How effective is Radicava/Radicut (edaravone) for ALS?
An easy-to-understand infographic displaying the results from the clinical trial
If you're trying to decide whether or not to try the newlyFDA approved medicine Radicava (edaravone) to treat amyotrophic lateral sclerosis (ALS), chances are that one of the first things you looked at were the results from the clinical trial.
However if you're not from a science background it can be tricky to understand all the medical terminology and statistics, so we thought we'd create an infographic summarising the clinical trial results in an easy-to-read format.
We hope it's helpful – feel free to Tweet, Pin and share it with others who may also find it a useful resource! (You're most welcome to republish this infographic on your own website etc., as long as you don't make any changes to it and credit TheSocialMedwork as the creator.)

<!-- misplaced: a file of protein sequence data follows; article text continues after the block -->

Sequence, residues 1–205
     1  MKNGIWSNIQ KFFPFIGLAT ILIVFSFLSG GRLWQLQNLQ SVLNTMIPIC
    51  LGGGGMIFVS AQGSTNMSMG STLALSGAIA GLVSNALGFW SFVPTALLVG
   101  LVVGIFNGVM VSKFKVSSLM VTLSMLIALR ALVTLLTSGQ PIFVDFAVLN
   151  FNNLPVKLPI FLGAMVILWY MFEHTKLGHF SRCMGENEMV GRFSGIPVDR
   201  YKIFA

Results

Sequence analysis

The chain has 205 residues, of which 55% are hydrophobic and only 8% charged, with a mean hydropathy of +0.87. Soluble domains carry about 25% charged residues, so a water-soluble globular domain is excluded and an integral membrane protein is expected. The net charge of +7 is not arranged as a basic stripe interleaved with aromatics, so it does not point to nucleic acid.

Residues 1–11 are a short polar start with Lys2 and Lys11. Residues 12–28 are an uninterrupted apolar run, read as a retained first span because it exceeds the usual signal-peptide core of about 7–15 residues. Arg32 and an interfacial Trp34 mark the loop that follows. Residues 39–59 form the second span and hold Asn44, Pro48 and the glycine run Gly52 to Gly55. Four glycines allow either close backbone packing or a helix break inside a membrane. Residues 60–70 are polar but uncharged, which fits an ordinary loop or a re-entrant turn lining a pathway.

Where is edaravone available?
Outside of the USA and Japan, edaravone is not approved and therefore may not be available as there is no global, harmonised approval system. It is possible in most countries, however, to import medicines on a ‘named patient’ basis. If you or a loved-one is looking for an ALS medicine that is not yet available in your country, read our home page to understand how our team can help. Our team delivers not yet approved medicines from around the world on daily basis, with service that’s highly rated by doctors and patients.
*Side note: 'Radicut' and 'Radicava' are simply different country brand names for the exact same active ingredient, edaravone, produced by the original manufacturer, Mitsubishi Tanabe Pharmaceuticals. More information about that in an earlier blog that we wrote.